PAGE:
Ancient coptic manuscript dating from
Codices were the preferred form for scriptural or classical texts, as they could contain a lot more information than scrolls and were easier to manage.Codex Tchacos is named after Dimaratos Tchacos, father of Zrich-based antiquities dealer The codex contains not only the Gospel of Judas, but also a text titled James (otherwise known as the First Apocalypse of James), the Letter of Peter to Philip, and a fragment of a text that scholars are provisionally calling Book of Allogenes.The original Greek text of the gospel, of which this is a Coptic translation, is thought to have been written by a group of early gnostic Christians sometime between when the New Testament Gospels of Matthew, Mark, Luke, and John were penned and A. Numerous gospels appeared, often written in the names of the Apostles; these pseudonymous writings were revered as scripture by one group or another, although eventually most of them came to be labeled as "heretical" and proscribed by orthodox Christianity in later times.This is a dramatic archaeological discovery of cultural interest, which offers an alternate portrayal from the first or second century of the relationship between Jesus and Judas, and enhances our knowledge of history and preservation of theological viewpoints from that period.An ancient Coptic manuscript dating from the third or fourth century, containing the only known surviving copy of the Gospel of Judas, has been restored and authenticated after being lost for nearly 1,700 years.In order to be certain of its age and authenticity, the National Geographic Society put the codex through the closest scrutiny possible without doing it harm.
When Jesus appeared on earth, he performed miracles and great wonders for the salvation of humanity.
Compared with the length of time it took to conserve, translate and publish the With the help of computer programs that record text, register gaps and try to match gaps to text, and with careful, visual inspection of suggested matches to confirm papyrus fiber continuity, Darbre, Wurst, and Kasser have been able to reassemble more than 80 percent of the text in five painstaking years.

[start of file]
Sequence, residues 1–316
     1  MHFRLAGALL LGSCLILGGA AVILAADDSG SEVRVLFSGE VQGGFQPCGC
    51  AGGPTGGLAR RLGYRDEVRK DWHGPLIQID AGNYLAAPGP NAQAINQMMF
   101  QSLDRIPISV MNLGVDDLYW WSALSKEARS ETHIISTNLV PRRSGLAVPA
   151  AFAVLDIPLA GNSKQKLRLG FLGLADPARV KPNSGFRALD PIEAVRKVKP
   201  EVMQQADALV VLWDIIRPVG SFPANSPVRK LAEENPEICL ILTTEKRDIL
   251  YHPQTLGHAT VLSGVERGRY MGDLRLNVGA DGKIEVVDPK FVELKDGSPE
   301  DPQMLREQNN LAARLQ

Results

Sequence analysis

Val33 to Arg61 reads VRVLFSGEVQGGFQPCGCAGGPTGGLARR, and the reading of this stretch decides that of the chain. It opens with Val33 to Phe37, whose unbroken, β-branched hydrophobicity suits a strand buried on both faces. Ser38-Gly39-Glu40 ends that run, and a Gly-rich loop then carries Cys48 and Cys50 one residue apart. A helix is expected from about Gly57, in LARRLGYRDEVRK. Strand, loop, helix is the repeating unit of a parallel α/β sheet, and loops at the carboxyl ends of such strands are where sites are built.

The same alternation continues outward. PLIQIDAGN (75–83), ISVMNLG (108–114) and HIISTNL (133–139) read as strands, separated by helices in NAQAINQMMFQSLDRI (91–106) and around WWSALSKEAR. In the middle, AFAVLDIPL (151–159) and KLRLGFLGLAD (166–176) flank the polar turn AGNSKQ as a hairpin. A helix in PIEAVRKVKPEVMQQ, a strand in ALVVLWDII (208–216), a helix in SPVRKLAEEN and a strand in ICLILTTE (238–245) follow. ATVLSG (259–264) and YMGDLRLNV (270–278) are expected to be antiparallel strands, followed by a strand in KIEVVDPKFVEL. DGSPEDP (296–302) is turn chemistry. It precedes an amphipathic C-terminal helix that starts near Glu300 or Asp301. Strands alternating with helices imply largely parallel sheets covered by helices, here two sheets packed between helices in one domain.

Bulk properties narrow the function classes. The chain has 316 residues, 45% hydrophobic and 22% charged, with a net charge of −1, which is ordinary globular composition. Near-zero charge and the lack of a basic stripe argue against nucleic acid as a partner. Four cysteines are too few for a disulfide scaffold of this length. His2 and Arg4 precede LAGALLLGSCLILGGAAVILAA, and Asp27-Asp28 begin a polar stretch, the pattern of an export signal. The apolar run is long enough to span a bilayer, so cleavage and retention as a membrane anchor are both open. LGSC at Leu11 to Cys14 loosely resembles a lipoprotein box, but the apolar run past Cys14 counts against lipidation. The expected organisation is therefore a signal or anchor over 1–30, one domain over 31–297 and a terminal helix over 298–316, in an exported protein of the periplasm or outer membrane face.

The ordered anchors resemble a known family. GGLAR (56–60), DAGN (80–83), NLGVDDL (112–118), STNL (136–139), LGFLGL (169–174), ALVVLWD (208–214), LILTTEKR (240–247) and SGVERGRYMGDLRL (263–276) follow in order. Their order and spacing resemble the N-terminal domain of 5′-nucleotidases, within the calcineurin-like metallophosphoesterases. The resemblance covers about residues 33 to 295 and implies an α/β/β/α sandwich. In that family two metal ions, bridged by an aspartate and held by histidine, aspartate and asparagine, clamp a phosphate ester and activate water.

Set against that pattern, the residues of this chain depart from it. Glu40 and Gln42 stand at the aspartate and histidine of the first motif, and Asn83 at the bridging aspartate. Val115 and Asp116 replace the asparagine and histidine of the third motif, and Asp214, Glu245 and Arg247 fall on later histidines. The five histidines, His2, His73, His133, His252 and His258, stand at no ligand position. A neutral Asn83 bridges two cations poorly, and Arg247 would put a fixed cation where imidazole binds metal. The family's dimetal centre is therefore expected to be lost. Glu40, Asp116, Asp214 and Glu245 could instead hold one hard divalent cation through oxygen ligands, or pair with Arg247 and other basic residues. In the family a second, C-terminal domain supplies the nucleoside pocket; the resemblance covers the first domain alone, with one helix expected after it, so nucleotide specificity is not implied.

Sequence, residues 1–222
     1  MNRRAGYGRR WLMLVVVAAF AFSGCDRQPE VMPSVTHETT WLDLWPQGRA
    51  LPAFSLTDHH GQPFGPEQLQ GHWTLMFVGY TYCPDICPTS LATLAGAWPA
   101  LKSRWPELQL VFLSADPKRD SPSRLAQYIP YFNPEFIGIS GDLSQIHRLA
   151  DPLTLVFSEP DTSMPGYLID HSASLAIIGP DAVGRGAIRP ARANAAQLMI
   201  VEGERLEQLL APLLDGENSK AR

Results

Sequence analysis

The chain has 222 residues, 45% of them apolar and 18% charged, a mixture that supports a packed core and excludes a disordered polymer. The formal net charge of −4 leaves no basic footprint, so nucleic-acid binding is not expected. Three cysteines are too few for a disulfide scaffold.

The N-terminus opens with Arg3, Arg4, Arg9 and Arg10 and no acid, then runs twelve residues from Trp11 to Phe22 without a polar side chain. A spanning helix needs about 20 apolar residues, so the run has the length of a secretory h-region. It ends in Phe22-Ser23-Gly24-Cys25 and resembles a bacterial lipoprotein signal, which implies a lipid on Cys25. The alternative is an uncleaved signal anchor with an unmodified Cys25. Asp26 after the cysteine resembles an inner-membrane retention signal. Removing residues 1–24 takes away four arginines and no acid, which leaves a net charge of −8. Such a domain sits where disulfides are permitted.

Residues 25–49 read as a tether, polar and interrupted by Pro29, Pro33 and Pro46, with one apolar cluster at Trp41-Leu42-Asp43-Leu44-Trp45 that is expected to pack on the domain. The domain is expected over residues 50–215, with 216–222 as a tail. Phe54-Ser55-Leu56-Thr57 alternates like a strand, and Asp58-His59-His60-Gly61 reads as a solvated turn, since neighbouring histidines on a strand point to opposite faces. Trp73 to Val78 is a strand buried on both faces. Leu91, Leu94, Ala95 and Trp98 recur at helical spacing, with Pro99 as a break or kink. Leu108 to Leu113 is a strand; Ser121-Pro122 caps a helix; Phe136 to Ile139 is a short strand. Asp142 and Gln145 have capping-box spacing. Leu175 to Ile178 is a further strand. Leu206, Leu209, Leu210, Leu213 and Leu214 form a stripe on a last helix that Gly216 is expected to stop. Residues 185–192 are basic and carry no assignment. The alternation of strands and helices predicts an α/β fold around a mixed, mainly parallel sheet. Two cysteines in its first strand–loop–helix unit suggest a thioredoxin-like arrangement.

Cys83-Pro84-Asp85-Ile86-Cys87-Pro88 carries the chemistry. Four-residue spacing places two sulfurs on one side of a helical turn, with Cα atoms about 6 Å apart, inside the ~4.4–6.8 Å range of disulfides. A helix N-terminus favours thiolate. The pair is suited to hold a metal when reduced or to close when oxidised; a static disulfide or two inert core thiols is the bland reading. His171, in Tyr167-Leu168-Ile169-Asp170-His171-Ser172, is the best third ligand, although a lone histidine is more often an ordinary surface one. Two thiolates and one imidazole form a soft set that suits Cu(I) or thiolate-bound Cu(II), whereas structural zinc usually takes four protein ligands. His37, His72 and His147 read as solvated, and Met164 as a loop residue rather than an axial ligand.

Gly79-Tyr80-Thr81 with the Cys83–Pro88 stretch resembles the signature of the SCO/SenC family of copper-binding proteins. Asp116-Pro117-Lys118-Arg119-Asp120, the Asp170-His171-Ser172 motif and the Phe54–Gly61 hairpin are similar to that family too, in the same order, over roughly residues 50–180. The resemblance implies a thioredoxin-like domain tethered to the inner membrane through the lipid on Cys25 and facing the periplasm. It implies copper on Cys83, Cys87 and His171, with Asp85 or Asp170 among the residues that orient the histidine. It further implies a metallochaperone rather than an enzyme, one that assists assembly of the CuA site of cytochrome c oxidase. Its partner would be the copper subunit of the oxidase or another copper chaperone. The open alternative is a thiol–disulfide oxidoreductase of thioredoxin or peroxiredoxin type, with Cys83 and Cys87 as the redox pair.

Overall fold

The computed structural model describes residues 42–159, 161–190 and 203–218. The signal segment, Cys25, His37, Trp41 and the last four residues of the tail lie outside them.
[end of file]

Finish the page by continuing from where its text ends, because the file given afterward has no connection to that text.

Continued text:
The codex has been authenticated as a genuine work of ancient Christian apocryphal literature on five fronts: radiocarbon dating, ink analysis, multispectral imaging, contextual evidence, and paleographic evidence.
National Geographic collaborated with the Waitt Institute for Historical Discovery, the Maecenas Foundation for Ancient Art, and scientific experts, historians, and theologians from around the world to authenticate, reconstruct, conserve, and translate these extraordinary documents, and explore their significance.
The author of the Gospel of Judas remains anonymous. Different groups of Christians in the second century appealed to different writings to authenticate their distinctive beliefs and practices.
National Geographic realizes that the information provided by this document is complex and deserves a great deal of further study and assessment, a process that will take time.